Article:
That metal rod thingie that came with your knife set is called a steel or honing rod. Unless you purchased your steel separately, you probably ended up with a medium grooved steel. That’s okay, but a finely grooved steel is better. A completely smooth steel or high grit ceramic honing rod is even better still. Whatever kind of steel you have, using it regularly is the best way to keep your knives ticking along at peak performance. The simple act of swiping your edge down a steel once a week or so will keep your edges sharp for up to a year before they need sharpening again. Whenever you use your knife, especially softer kitchen knives, the edge can roll over a little. It is still sharp, it just isn’t pointing straight down any more. Using the steel or honing rod realigns the edge of the knife, forcing the rolled spots back into line and making the edge useable again.
The edge is still sharp, it just isn’t pointing straight down any more
Be aware that the medium grooved steels that come with knife sets must be used with a very light touch. A grooved steel acts as a file when used with a heavy hand, knocking microscopic chips out of your edge.
The standard image we all have of steeling a knife involves a chef with his knife in one hand and steel in the other, blade flashing and ringing as the chef clangs it back and forth. If you’re particularly adept at this type of swordsmanship, have at it. It impresses the tourists. A more effective method is to stand the steel straight up with the tip resting on a folded towel to keep it from slipping. Why? Geometry.
Place the knife edge against the steel with the blade perpendicular to the steel and you have a 90 degree angle between the edge and the steel, right? Rotate your wrist so that you reduce the angle by half to form a 45 degree angle. Reduce that by half for 22.5 degrees, and you are exactly where you need to be to steel your knife. Most factory edges are somewhere between 20 and 25 degrees per side. You generally want to steel your knife at the same angle or at a very slightly steeper angle than the edge bevel itself.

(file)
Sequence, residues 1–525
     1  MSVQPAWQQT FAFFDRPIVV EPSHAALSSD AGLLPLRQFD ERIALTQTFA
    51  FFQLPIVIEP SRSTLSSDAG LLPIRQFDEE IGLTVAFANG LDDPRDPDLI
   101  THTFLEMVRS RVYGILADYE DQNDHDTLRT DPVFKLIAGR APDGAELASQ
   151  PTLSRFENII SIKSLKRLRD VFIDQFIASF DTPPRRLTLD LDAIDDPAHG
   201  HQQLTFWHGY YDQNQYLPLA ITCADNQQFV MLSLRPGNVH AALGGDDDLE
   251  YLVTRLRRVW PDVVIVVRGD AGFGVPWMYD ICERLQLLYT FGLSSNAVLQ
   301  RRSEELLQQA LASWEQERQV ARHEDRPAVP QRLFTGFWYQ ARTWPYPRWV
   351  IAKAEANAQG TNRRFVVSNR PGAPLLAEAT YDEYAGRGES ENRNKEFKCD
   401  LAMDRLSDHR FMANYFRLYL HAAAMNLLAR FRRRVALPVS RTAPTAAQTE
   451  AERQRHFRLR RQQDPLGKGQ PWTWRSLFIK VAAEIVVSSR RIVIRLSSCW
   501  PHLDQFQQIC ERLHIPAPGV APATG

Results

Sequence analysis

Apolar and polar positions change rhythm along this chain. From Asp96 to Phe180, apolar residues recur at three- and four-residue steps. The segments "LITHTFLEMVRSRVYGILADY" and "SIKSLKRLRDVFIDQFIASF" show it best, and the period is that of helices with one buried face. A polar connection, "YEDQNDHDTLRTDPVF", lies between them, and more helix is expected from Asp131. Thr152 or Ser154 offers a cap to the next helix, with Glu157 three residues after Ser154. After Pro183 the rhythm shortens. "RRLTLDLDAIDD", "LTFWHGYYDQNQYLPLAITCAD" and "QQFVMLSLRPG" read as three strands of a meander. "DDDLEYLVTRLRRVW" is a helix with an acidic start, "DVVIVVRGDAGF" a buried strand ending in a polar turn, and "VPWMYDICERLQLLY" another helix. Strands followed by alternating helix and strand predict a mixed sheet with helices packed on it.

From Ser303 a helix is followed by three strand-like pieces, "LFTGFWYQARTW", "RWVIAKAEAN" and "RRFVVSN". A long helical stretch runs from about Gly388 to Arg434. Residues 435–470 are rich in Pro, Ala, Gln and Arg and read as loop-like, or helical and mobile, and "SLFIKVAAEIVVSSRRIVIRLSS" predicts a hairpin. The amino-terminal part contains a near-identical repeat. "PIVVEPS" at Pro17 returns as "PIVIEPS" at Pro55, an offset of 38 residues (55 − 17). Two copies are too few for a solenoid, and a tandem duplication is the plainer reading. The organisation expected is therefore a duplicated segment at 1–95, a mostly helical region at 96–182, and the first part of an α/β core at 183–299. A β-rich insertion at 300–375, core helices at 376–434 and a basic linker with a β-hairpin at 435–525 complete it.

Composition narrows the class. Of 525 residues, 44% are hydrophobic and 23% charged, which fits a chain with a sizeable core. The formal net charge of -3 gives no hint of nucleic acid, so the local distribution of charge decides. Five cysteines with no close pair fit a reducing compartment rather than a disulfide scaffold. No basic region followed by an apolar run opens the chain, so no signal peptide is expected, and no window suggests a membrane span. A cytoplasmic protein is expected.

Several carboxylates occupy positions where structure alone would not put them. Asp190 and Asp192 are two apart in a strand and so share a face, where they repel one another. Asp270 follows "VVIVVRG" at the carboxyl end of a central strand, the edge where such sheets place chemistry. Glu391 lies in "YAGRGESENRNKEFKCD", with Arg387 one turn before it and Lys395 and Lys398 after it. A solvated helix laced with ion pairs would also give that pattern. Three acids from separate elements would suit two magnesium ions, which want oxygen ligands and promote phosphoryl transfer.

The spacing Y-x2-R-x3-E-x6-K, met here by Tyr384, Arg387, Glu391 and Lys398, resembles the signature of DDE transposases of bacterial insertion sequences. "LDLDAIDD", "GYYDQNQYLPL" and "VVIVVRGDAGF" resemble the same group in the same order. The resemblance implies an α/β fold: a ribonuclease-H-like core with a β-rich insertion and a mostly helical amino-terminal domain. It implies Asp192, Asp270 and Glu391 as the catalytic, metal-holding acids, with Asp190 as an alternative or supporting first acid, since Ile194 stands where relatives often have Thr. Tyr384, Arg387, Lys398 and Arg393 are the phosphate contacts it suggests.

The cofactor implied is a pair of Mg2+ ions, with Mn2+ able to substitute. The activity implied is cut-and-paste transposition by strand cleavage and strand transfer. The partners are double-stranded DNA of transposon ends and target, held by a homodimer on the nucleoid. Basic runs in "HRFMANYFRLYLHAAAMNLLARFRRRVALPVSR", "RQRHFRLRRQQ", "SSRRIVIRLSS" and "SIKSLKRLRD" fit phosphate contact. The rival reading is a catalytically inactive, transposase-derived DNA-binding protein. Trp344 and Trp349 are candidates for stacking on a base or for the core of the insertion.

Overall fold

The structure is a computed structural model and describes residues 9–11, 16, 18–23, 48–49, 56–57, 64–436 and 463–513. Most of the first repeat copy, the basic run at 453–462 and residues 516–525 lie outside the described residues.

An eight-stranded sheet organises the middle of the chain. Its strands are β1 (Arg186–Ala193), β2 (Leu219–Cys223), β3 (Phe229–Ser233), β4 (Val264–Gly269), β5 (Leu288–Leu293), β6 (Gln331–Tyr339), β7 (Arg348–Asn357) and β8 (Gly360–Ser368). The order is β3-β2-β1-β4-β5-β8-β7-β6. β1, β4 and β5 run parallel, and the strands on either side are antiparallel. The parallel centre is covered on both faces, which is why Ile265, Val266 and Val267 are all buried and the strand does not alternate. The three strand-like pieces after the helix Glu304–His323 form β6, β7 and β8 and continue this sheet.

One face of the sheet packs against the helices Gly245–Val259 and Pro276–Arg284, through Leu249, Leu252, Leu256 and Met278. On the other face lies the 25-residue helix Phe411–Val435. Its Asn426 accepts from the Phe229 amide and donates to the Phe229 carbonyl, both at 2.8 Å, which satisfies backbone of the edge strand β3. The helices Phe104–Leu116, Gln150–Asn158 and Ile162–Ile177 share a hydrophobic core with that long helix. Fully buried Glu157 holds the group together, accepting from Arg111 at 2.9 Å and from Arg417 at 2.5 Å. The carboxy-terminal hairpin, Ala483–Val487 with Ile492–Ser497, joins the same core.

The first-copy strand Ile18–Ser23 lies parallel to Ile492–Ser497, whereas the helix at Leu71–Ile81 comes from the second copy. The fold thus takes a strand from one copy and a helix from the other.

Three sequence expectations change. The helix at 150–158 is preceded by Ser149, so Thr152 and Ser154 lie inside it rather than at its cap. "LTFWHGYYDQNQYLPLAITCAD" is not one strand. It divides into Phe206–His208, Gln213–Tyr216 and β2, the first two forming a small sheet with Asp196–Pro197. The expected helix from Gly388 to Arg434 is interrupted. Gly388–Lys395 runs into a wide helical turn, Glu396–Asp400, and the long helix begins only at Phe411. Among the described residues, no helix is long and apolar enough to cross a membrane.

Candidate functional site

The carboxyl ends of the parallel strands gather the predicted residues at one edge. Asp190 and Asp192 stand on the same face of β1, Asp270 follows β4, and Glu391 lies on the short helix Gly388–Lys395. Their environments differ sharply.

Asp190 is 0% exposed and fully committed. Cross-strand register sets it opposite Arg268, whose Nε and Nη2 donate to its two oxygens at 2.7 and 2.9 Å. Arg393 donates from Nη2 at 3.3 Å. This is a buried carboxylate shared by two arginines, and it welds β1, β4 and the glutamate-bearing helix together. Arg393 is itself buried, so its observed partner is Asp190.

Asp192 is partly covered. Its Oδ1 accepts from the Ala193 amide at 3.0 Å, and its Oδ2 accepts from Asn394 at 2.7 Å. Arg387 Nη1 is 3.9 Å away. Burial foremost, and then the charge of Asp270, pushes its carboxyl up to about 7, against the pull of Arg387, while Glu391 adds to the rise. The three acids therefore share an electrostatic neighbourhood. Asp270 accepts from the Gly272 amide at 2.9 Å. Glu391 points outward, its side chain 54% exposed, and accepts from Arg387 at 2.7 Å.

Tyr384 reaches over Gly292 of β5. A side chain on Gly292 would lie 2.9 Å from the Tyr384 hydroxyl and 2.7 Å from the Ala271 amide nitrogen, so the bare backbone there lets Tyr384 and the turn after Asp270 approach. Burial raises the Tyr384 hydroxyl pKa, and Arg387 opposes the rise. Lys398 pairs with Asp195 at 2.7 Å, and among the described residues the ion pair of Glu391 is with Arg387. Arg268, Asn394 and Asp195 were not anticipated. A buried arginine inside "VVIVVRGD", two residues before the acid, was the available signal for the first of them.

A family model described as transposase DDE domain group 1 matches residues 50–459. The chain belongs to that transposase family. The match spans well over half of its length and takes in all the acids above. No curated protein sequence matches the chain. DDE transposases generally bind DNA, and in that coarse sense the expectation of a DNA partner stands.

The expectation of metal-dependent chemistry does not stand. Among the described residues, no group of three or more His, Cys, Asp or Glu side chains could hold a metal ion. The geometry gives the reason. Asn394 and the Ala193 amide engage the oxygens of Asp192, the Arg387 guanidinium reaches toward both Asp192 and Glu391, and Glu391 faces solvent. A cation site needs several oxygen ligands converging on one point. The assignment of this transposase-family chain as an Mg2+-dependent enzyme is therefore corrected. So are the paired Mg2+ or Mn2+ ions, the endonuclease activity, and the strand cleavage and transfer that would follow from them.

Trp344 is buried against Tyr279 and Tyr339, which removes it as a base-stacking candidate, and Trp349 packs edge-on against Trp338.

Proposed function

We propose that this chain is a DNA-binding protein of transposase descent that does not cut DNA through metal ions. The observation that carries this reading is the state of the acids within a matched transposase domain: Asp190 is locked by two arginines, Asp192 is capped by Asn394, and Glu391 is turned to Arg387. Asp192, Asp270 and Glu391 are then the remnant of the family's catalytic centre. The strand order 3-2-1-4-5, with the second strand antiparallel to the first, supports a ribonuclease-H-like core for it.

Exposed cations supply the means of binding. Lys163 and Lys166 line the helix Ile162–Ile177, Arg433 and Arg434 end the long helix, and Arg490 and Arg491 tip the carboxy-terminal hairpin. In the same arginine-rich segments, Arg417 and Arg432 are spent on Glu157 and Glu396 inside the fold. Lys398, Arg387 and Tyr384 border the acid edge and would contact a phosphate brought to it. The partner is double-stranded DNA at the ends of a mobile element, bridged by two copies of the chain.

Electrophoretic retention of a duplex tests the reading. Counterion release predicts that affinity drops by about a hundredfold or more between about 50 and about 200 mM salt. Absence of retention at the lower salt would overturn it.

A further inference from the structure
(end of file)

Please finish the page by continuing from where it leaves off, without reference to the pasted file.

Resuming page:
You can also use the Paper Airplane Trick to make a guide to prop against your steel so you know you are hitting the proper angle. Take a piece of paper and fold one corner over to the opposite side. Line up the edges and smooth down the crease, very much like making a paper airplane. You’ve just created a 45 degree angle. Fold the creased side over to the far edge again and you’ve created a 22.5 degree angle. Sound familiar? Twenty-two and a half degrees is pretty close to 20 degrees, at least as close as you can generally hold a specific angle by hand. This folded piece of paper can serve as a guide for steeling your knife, setting an angle on a sharpening stone or just checking that you’re keeping your angle steady as you sharpen. The paper edge guide is especially handy when you are learning to steel your knives properly. It helps build the right angle into muscle memory so you can do it without the guide when you have some practice.
When you’re steeling, lock your wrist and stroke the knife from heel to tip by unhinging at the shoulder – it’s your pivot point. Slowly swipe the knife down the steel by dropping your forearm. The key is to maintain a consistent angle all the way through the stroke. By locking your wrist and elbow, you will keep your angle stable from top to bottom. Follow all the way through the tip but don’t let the tip slide off the steel or you’ll risk rounding it over time. You don’t have to press very hard to realign the edge. Steeling requires barely more pressure than the weight of the knife itself. Alternate from side to side, keeping the same alignment and angle on both sides. It really only takes five or six strokes per side to keep your knife ready for more work.